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ORL J Otorhinolaryngol Relat Spec. 2012;74(3):136-40. doi: 10.1159/000337134. Epub 2012 Apr 5.

The upper airway evaluation of habitual snorers and obstructive sleep apnea patients.

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  • 1Department of Otolaryngology, Head and Neck Surgery, Gulhane Military Medical Academy, Ankara, Turkey.



To investigate the relationship between the Apnea Hypopnea Index (AHI) and upper airway examination findings of habitual snorers and obstructive sleep apnea (OSA) patients.


This study included 264 patients whose tonsils were evaluated in 4 grades. The Mallampati classification was used to determine the relationship between tongue and palate. All patients performed the Müller maneuver in a sitting position. The Fujita classification was used to define the type of obstruction. All patients had polysomnography and were divided into 4 groups according to AHI. Statistical analysis was performed to evaluate the relationship between examination findings and AHI.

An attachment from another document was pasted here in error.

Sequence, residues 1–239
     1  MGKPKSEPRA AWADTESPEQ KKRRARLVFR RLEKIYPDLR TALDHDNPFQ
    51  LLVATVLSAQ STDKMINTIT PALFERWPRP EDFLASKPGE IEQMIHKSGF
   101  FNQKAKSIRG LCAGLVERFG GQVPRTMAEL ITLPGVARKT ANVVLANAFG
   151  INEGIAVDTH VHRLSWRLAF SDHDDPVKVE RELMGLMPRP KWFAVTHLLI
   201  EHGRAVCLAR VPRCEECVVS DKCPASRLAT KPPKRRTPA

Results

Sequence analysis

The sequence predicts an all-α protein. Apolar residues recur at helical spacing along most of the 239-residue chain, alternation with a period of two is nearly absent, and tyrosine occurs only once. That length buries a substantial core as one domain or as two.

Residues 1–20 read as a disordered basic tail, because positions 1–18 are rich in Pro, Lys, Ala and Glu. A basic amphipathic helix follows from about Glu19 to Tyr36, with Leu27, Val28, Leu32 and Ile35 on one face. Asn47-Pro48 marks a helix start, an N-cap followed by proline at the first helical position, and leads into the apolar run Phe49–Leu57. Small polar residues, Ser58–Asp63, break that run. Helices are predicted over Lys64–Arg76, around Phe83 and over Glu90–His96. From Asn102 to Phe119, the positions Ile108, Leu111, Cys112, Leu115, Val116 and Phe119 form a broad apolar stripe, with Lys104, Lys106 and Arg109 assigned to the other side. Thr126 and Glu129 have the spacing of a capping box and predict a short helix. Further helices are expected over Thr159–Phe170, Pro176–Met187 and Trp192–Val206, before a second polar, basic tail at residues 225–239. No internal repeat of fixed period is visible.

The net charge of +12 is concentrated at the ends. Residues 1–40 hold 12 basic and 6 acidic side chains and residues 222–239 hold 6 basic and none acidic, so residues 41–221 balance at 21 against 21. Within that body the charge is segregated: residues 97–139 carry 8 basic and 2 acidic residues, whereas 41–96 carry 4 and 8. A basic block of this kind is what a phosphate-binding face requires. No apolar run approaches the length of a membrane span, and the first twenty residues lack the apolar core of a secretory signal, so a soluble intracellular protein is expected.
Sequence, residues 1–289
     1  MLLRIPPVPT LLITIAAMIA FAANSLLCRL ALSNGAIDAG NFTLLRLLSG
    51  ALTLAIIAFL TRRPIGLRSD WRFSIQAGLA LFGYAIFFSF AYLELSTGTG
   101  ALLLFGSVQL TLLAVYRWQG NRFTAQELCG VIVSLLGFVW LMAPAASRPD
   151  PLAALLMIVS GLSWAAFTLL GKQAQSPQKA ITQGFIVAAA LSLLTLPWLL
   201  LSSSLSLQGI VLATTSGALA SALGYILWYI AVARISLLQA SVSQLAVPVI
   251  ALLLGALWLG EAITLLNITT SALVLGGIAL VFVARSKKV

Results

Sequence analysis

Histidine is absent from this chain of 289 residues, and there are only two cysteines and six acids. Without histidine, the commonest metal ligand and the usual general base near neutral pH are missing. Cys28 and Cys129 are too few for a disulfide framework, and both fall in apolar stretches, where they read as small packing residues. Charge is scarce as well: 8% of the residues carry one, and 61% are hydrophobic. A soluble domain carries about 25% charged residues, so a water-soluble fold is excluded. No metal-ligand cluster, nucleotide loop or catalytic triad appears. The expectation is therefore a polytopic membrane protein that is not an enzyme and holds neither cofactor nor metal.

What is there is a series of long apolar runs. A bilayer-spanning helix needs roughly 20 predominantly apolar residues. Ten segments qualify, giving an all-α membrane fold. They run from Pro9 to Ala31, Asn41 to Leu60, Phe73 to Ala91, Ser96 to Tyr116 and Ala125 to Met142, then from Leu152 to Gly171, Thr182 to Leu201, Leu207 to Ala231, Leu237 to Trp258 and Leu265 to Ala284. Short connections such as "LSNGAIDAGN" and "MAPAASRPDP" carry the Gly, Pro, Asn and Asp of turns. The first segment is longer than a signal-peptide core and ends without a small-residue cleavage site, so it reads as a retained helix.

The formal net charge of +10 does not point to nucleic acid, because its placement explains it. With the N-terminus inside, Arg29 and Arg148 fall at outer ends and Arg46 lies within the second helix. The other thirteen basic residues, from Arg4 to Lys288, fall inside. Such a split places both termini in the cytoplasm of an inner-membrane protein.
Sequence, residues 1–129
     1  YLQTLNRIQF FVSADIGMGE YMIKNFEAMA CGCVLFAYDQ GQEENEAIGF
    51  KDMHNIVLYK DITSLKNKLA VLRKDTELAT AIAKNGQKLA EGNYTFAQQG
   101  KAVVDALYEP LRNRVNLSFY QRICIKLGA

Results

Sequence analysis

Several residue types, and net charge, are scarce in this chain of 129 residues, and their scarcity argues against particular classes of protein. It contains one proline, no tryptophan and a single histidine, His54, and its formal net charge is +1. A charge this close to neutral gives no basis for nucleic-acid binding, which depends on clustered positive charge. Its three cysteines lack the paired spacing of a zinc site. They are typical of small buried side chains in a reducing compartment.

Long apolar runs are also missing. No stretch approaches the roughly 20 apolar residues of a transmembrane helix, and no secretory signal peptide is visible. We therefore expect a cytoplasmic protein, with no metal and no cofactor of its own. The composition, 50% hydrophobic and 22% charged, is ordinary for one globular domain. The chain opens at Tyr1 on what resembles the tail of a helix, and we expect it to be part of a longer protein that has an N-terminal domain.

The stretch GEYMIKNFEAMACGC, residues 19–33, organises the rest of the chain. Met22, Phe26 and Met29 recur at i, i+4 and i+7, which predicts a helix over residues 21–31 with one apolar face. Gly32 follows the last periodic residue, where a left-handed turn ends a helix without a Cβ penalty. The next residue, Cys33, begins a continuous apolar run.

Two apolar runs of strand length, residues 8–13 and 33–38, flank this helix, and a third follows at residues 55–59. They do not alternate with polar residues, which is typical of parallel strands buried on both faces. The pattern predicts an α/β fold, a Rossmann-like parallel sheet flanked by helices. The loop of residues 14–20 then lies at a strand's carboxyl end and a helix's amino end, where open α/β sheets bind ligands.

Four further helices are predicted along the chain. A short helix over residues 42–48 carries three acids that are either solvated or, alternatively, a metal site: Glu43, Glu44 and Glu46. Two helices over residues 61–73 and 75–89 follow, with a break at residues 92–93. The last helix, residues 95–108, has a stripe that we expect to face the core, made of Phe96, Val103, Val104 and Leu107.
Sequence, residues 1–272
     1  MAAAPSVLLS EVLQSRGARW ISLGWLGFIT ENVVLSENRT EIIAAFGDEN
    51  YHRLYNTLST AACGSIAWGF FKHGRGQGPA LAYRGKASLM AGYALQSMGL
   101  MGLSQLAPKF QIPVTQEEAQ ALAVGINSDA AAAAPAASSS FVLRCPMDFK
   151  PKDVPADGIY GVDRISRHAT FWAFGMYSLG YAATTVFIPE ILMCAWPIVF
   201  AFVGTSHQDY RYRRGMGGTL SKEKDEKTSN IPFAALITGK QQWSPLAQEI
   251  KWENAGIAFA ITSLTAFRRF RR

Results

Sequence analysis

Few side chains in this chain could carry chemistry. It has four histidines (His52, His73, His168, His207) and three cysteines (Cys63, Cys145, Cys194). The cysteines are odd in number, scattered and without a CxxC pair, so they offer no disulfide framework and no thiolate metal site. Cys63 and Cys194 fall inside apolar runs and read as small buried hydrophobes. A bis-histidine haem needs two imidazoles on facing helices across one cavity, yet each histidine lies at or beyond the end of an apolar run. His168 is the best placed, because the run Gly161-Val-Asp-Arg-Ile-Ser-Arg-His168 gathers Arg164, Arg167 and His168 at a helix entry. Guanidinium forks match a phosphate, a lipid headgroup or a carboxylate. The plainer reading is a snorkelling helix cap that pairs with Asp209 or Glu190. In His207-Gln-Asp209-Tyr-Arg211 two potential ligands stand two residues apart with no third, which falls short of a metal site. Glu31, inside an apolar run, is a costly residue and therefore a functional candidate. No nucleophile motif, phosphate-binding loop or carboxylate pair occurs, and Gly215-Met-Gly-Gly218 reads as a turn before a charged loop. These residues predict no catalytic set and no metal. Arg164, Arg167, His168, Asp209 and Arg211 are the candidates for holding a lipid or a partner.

Of the patients, 133 (50.4%) were habitual snorers, 66 (25%) were mild OSA, 40 (15.2%) were moderate OSA and 25 (9.5%) were severe OSA patients. There was a positive correlation between neck circumference, BMI and AHI in males (p < 0.001). There was a significant difference between patient groups according to Mallampati classification, collapse at the velopharyngeal level and hypopharyngeal level and Fujita classification (all p < 0.001). There were significant relationships between tonsil size, Fujita classification, Mallampati classification, collapse ratios and AHI.


We saw that hypopharyngeal area often contributes to obstruction and some examination methods correlate more with AHI. This can aid sleep physicians in the evaluation of OSA patients.

Copyright © 2012 S. Karger AG, Basel.

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